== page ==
Updated: February 25, 2018 8:24:12 am
B Narayana Reddy took the biggest decision of his younger daughter Aruna’s life when she went from Upper Kg to Class 1. And it didn’t concern books. He pulled her out of Karate and put her into gymnastics in 2002, because she displayed inordinate flexibility skills for someone asked to chop a wooden block and screech a ‘Ho’.
“I owe everything to him, and if he’d been alive and seen me on the podium today, he’d have been so happy. He was there in my days of struggle, but couldn’t watch me win,” recalls the 22-year-old Aruna Budda Reddy, India’s first medallist at the gymnastics’ World Cup – a bronze in the women’s vault – in Melbourne. The late accountant from Hyderabad was keen that his daughter would make a career in sports, and the decimal crunching was to be not in stuffy offices poring over balance-sheets, but on apparatus in indoor stadiums.
Aruna would crack her B.Com accountancy with little effort eventually, but it was the early persistence of her father that kept her in the sport. “I didn’t like gymnastics initially. But he kept saying I’m good at it. Then the gold medals in nationals started coming. I started loving the sport and its movements. After every hard day, there was a medal as prize,” she recalls.
In Melbourne, Aruna would attempt two of the mid-rung vaults – a Tsukahara 360 and a Handspring Pike 180 – where her execution score was the second best at the meet (9.066) and finish with 13.649 behind gold winner Slovenia Tjasa Kysslef (13.800) to bring India its first medal at the World Cups.
“Our father died of a heart stroke at 55 in 2010. For many years after that she would feel lost and though we supported her financially, she needed this medal for her confidence,” says sister Pavani Reddy.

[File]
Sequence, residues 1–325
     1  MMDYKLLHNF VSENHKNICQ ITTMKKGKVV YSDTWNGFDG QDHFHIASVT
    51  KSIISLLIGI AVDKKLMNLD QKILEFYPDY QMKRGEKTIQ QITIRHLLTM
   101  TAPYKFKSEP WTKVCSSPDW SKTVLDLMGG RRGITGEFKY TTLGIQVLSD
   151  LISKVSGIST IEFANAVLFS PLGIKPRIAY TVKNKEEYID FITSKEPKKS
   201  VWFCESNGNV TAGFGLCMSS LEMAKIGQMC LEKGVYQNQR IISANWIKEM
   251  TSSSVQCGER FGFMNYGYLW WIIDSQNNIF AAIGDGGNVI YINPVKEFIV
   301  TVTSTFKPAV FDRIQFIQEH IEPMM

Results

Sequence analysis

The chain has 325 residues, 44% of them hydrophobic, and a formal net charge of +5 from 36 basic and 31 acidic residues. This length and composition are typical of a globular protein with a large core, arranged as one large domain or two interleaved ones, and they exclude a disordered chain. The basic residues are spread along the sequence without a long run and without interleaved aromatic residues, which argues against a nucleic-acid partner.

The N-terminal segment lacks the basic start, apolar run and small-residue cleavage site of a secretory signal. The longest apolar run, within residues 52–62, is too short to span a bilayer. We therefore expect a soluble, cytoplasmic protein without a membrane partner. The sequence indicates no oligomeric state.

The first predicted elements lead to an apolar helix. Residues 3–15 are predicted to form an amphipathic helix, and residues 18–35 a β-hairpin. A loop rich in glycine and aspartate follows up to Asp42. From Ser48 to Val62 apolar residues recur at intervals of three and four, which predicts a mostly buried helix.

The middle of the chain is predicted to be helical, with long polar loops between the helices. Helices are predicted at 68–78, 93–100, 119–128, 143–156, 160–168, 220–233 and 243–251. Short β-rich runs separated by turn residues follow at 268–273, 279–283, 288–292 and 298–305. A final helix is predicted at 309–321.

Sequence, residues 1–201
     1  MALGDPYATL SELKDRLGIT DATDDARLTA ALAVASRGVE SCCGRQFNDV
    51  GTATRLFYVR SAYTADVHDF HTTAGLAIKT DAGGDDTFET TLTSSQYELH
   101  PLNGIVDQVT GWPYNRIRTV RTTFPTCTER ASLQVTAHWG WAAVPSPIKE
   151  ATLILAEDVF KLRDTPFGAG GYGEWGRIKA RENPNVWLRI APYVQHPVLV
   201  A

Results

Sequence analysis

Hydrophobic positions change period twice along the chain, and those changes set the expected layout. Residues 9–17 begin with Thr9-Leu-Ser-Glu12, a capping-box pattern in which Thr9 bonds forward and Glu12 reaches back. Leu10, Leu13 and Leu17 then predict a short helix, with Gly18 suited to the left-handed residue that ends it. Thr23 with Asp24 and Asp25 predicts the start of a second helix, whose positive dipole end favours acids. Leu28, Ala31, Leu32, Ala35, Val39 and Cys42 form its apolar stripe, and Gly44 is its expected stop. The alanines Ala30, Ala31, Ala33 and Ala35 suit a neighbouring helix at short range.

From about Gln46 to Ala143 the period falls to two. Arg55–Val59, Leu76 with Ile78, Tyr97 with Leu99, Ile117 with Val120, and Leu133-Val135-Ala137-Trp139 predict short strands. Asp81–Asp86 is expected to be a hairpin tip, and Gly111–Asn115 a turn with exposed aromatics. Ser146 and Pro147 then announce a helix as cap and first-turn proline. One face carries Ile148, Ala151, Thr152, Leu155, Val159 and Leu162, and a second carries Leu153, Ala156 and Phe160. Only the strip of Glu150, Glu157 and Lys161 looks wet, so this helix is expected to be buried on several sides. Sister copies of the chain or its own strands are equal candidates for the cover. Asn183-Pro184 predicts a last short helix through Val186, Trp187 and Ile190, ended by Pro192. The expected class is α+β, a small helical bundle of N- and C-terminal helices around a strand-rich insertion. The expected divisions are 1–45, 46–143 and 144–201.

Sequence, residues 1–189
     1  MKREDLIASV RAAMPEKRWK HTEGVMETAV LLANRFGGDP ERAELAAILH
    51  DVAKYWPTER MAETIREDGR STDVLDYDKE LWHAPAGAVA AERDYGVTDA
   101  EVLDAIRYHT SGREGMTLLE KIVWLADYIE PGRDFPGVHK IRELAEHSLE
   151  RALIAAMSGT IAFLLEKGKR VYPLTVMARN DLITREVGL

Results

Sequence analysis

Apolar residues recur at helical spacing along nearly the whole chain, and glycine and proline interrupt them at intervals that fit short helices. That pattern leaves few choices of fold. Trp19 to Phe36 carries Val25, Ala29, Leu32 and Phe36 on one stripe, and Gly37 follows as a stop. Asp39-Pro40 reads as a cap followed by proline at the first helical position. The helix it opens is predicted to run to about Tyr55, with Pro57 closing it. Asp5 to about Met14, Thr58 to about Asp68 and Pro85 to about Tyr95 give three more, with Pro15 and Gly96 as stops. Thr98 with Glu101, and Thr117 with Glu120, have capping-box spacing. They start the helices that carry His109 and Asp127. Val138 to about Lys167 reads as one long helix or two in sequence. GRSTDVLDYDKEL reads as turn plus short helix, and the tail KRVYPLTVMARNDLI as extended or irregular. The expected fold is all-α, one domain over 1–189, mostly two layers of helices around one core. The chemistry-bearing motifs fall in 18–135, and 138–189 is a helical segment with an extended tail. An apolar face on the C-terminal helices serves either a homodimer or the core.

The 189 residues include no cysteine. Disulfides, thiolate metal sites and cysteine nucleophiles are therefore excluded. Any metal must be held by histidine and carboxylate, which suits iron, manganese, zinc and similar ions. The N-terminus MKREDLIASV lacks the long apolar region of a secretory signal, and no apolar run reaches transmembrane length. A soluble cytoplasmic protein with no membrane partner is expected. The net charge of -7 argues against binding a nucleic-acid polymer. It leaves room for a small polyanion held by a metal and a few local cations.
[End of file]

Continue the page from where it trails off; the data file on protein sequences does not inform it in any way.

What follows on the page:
The sister recalls how their mother and she had objected to putting Aruna into gymnastics — which required her to travel to different districts and states, and undertake a very painful physical activity. “We kept saying why are you putting a girl into this sport? There are common notions about how tough it can be for girls. She was very young – 6 or 7. But when she started winning medals, she shut our mouth. Our father always said he knew what he was doing. Today, the whole country will be proud of her,” Pavani adds.
Though the world’s top vaulters were not in action at Melbourne, and Aruna promises to raise her bar at the Commonwealth Games, this medal is an important milestone for the bright graduate.
“She’s a good vaulter, a calm gymnast with excellent temperament. This is just the start, and she can increase the turns (rotations) on her routine and score higher,” said national head coach GS Bawa, after her two runs with Difficulty scores of 4.8 and 4.6.
Aruna had qualified second for the finals on Saturday, and finished marginally behind the silver medallist – local girl Emily Whitehead with 13.699. She’s begun working on upgraded vaults looking ahead to the CWG, but this medal counts for much.
“Dipa Di is a role model, she’s the absolute icon. But following in her footseps was tough,” says the gymnast who also idolises McKayla Maroney. “Practice makes man perfect. It’s what I need to do going forward,” she added. “These scores are not enough for a CWG medal. I’m proud of this podium, but this is only the start,” she ended.
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